herald

Sunday 8 December 2019

'Bus gates' and 'priority traffic lights' could be key

Traffic lights would give priority to buses in the plan
Traffic lights would give priority to buses in the plan

Bus gates and bus priority traffic lights are the key to saving trees and gardens on many of the 16 proposed bus corridors.

The NTA received a massive backlash when it proposed to widen roads as part of the Bus Connects plan.

The bus gates and bus priority traffic lights would mean that instead of creating extra road space, the existing road space continues to be shared, but to the advantage of buses.

"The gates work by only allowing public transport and emergency service vehicles through a section of roadway, and they will be monitored by cameras that could allow the NTA to police them and issue fines to those that flout the rules," said the NTA's Grainne Mackin.

"The priority traffic lights work by stopping car traffic on a road to give a bus priority in getting ahead of them.

"They could become a feature on many roads around Dublin, especially where a bus lane ends and joins the road space used by car traffic."

The use of gates or bus priority lights could potentially save trees and gardens on the routes from Ballymun, Blanchardstown, Bray, Tallaght, Greenhills, Ballsbridge and Kimmage, and in areas such as the Navan Road and Prussia Street.

This could mean that controversial initial plans to cut down mature trees at Mobhi Road, Ballsbridge and Shankill, as well as eat into gardens in Crumlin, Ballsbridge and Kimmage, could be eliminated or reduced.

Peak

Other ways of saving trees and gardens could potentially use "time plating" of traffic restrictions.

"This is where the restrictions are only enforced at peak hours, but outside of those hours, the traffic shares the space on the road," Ms Mackin said.

The initial vision of Bus Connects was to have two car lanes, two bus lanes and two cycle lanes where possible, but in reaction to community and business concerns, and to save lines of trees, Bus Connects is now floating the idea of sacrificing one car traffic lane on certain roads.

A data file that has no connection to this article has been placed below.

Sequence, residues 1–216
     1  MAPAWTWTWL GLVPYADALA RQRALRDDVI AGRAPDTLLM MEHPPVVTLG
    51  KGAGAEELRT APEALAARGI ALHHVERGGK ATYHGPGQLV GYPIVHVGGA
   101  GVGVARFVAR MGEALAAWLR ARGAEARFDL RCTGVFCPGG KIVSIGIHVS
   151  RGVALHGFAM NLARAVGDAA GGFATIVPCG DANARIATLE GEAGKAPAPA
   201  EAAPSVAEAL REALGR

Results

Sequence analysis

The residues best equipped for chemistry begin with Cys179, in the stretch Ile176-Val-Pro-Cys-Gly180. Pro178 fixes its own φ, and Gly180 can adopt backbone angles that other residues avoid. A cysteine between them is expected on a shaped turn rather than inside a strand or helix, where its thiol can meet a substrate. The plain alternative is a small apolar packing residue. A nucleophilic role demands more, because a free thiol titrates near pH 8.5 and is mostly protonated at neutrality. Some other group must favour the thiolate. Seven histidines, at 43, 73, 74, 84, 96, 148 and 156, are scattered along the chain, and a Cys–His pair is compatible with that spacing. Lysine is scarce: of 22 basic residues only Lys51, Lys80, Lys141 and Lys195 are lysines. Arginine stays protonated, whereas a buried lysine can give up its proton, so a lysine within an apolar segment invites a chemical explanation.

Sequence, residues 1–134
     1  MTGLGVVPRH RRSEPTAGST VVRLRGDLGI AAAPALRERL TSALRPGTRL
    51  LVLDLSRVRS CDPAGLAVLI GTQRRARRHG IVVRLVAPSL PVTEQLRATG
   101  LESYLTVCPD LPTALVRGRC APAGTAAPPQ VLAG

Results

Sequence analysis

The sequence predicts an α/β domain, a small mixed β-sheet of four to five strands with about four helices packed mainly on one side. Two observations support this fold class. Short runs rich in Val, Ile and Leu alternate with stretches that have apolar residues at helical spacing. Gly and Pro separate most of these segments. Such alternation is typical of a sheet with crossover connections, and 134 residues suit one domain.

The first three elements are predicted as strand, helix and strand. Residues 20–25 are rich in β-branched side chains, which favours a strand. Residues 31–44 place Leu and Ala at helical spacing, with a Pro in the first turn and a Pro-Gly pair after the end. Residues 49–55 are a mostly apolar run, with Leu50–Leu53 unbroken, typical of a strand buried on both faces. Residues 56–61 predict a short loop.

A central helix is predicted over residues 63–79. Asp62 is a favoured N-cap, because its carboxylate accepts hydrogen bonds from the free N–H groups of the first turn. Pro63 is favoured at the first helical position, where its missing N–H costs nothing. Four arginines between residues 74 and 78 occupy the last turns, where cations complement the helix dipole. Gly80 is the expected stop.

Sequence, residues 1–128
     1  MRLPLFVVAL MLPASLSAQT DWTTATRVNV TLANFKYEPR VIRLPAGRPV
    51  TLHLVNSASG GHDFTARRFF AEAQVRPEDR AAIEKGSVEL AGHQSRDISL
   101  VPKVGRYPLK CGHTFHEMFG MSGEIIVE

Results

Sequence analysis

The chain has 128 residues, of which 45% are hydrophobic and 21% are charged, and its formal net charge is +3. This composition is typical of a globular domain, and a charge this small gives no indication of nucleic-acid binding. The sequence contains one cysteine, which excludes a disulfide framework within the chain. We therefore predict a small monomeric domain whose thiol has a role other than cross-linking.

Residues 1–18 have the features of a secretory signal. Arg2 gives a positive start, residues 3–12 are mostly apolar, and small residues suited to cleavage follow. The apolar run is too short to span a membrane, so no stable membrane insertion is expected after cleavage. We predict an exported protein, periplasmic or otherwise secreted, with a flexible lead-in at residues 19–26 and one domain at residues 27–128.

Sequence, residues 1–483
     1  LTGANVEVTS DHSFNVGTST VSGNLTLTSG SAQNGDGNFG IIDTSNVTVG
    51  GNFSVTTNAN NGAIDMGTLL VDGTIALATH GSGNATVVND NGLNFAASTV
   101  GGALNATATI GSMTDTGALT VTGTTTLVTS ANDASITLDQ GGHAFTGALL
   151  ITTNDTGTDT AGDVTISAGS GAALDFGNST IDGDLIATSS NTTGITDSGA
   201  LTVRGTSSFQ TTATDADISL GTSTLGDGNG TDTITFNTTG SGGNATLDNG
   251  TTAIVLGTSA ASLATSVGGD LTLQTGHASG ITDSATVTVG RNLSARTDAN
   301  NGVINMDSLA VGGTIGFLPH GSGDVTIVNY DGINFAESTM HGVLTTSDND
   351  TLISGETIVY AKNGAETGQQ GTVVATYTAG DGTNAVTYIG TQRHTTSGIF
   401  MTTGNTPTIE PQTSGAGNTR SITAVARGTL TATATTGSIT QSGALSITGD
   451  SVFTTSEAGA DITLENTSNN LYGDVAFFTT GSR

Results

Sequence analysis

This could potentially be rolled out on streets such as Baggot Street and Dorset Street.

One-way systems are another feature being considered by Bus Connects as traffic control measures, and the communities around Mobhi Road and Pembroke Road, as well as a section of Nutley Lane.

A one-way system in Santry was on the original plans, but residents on the Swords Road have expressed a concern at this and a two-way system is emerging as the preferred option.

Bus Connects planners have come up with a unique suggestion here that may be a win-win for residents and commuters.

"The houses here are on a height beside the road, and they were not designed with driveways for cars," Ms Mackin said.

Some people have made cuts into their gardens to provide themselves a parking space, with steps leading from there to their front door.

"Some residents along this stretch of road are open to the idea of the road being widened if we create a parking space for them while we are doing it. It's a definite possibility, and if it is done in a uniform way, the look of the street can be very good," she added.

Apart from 230km of bus lanes, the NTA is also planning 200km of cycle lanes.

Under possible revisions, cycle lanes may be taken off main roads in some areas and directed through quieter streets of along riverbanks, such as in Fairview and Kimmage.

Other possible changes include putting cycle lanes behind lines of trees, so they would run between the trees and footpath instead of at the side of the road.

Ambitious plans to place a new cycle and pedestrian bridge across the Naas Road/Longmile Road junction, as well as a bridge over the canal at Cross Guns in Phibsborough, are also under consideration.

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